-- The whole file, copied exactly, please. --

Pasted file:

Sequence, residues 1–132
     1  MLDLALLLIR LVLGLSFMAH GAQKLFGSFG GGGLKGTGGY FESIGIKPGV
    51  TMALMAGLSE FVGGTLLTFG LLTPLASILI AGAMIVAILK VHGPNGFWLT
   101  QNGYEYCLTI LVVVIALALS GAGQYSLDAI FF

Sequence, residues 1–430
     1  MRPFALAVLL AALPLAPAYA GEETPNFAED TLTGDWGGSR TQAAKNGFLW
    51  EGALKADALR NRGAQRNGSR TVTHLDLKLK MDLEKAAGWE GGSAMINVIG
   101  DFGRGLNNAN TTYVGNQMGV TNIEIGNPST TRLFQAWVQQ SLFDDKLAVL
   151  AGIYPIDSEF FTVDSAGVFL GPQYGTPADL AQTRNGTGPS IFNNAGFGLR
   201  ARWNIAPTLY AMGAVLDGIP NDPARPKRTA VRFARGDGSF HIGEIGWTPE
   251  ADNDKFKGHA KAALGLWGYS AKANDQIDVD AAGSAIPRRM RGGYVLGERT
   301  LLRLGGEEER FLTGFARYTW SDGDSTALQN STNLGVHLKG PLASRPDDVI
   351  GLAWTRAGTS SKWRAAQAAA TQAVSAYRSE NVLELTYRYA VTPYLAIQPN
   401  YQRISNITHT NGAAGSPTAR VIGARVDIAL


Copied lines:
Sequence, residues 1–132
     1  MLDLALLLIR LVLGLSFMAH GAQKLFGSFG GGGLKGTGGY FESIGIKPGV
    51  TMALMAGLSE FVGGTLLTFG LLTPLASILI AGAMIVAILK VHGPNGFWLT
   101  QNGYEYCLTI LVVVIALALS GAGQYSLDAI FF

Sequence, residues 1–430
     1  MRPFALAVLL AALPLAPAYA GEETPNFAED TLTGDWGGSR TQAAKNGFLW
    51  EGALKADALR NRGAQRNGSR TVTHLDLKLK MDLEKAAGWE GGSAMINVIG
   101  DFGRGLNNAN TTYVGNQMGV TNIEIGNPST TRLFQAWVQQ SLFDDKLAVL
   151  AGIYPIDSEF FTVDSAGVFL GPQYGTPADL AQTRNGTGPS IFNNAGFGLR
   201  ARWNIAPTLY AMGAVLDGIP NDPARPKRTA VRFARGDGSF HIGEIGWTPE
   251  ADNDKFKGHA KAALGLWGYS AKANDQIDVD AAGSAIPRRM RGGYVLGERT
   301  LLRLGGEEER FLTGFARYTW SDGDSTALQN STNLGVHLKG PLASRPDDVI
   351  GLAWTRAGTS SKWRAAQAAA TQAVSAYRSE NVLELTYRYA VTPYLAIQPN
   401  YQRISNITHT NGAAGSPTAR VIGARVDIAL